More Configuration Details _ _ _

Access controls
Access control lists are the part of Squid's configuration that cause most people problems. Some things are not necessarily immediately obvious, but they allow you to be very specific as to what to deny in a short form.


Stopping or allowing people from using you as a proxy server is only one of the functions of ACLs. ACLs are also used for cache hierarchies. Thus you will define an ACL first, and then deny or allow access to a function of the cache. In 99% of cases this feature will be "http_access", which allows or denies a web browser's to access you. We will use this as an example for all further cases, though principles apply to the other options (such as "icp_access").

Squid works it's way through the http_access list from top to bottom when deciding which class you fall into, and also as to if you are denied or allowed access. Thus if you have a /24 (normally called a class C) network, and you want to allow only those machines access to the web through the proxy, you would use the following (assuming that you want the "class C" (properly a /24) - to have access:

acl ourallowedhosts src acl all src http_access allow ourallowedhosts http_access deny all

The "src" option on the first line is one of the options you can use to decide what acl the person is in. You can also choose based on things like the current time, and the site that they are going to. For more options have a look at the /usr/local/squid/etc/squid.conf.default file squid installs on your system.

If a user from 196.4.160.* connects using TCP and request a URL, Squid will work it's way through the list of http_access lines (since it's a TCP connection, the client is going to use the HTTP method to request the object). It works through this list From TOP to BOTTOM, stopping after the FIRST match to decide which one they are in. In this case, Squid will match on the first http_access line, Since the policy that matched is allow, squid would proceed to allow their request.

Re-writing the acl list above as follows:

acl ourallowedhosts src acl all src http_access deny all http_access allow ourallowedhosts

Will not work, as squid will match on the first "http_access" line, and deny all users to connect.

More advanced options

The default squid.conf has a few default settings in another form:

acl manager proto cache_object acl localhost src acl all src http_access deny manager !localhost http_access allow all

The "proto" field in the first line means that the acl blocks a specific protocol, in this case the "cache_object" protocol. It could just as easily be the "ftp" or "http" protocols. If you haven't heard of the "cache_object" protocol, don't worry - it's a squid-only protocol that returns information to the sender as to how the cache is configured, or how it is running. It falls in the "http_access" section of the config as it is essentially an HTTP request to squid, but instead of connecting somewhere else to get a web page that it refers to, Squid just manufactures the info.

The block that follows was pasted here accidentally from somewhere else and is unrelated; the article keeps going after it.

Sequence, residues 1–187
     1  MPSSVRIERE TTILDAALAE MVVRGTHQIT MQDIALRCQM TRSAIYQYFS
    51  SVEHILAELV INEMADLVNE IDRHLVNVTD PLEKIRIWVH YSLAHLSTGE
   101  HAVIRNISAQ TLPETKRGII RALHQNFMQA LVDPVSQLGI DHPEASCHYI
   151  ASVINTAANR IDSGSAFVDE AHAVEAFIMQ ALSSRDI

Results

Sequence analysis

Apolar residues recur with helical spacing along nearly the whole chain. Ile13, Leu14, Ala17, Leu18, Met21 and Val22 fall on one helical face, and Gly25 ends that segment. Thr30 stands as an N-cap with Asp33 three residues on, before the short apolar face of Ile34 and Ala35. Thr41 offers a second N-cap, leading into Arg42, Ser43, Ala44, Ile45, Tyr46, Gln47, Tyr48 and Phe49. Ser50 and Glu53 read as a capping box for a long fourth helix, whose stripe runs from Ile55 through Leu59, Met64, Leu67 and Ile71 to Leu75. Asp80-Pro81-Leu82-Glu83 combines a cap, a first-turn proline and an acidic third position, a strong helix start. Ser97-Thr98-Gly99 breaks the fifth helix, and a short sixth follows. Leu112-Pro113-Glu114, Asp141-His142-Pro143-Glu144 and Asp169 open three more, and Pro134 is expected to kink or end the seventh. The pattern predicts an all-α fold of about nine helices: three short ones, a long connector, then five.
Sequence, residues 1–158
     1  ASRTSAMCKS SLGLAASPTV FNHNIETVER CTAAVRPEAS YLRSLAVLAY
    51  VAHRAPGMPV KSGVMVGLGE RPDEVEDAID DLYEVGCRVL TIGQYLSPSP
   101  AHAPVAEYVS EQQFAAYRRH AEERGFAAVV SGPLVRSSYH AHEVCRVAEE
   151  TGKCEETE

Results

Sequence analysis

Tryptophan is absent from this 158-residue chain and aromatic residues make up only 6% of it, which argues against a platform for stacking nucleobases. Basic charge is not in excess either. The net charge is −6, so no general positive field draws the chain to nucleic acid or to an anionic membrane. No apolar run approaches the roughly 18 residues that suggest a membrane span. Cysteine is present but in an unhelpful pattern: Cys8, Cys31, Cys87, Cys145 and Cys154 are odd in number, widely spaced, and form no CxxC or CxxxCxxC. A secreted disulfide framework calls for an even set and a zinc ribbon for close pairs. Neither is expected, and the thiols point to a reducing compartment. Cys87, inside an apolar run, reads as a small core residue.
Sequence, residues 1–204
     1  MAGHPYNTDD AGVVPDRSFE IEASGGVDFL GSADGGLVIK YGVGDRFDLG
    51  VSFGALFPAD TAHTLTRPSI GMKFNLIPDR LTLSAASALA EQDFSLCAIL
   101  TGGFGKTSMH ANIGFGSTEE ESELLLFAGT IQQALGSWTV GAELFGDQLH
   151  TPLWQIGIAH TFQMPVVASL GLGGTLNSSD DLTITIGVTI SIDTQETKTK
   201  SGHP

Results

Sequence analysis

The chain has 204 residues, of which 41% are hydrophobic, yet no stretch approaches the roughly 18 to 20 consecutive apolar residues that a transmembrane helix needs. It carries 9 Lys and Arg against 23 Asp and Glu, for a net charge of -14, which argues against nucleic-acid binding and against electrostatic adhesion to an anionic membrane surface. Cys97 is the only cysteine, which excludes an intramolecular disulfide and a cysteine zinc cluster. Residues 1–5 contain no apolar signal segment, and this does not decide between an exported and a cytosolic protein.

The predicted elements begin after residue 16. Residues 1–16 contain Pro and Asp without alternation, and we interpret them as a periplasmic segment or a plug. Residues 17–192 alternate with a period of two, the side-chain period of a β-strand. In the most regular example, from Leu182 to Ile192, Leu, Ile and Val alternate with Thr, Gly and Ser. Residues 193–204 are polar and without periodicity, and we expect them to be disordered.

The above example therefore says: If you get a connection trying to use the cache_object protocol (as defined in the manager acl), deny it, unless it's from the acl localhost. Thus a program running on the actual cache server can get info about squid's internal status, but not any machine on the outside. (remember that the character "!" means NOT - so we are saying "deny manager NOT localhost"). We also allow client machines in any network access.

Destination address based acls

One example that people quite often need is to disable access to a list of sites that are "unappropriate". Squid is NOT optimised to do this for a large number of sites, but will handle a sufficient number for most people without much of a problem. acl adults dstdomain acl ourallowedhosts src acl all src http_access deny adults http_access allow ourallowedhosts http_access deny all This means that machines requesting urls going to or will match on the first http_access deny line... when the http_access lists are checked all machines requesting adult sites (even if they are not ours) will be denied. If they pass that rule, we check if they are from our IP address range, if so, they are allowed access. If they aren't in our address range then they match the all acl, and match the last http_access rule and are denied.

There is a problem with acls like this though - if the person specifies the machine (like by it's IP address, the acl's won't match (they are looking for the DOMAIN in the acl...) so you need something that uses a dst acl, and if it matches that throw it out...

The Squid Users guide is copyright Oskar Pearson

If you like the layout (I do), I can only thank William Mee and hope he forgives me for stealing it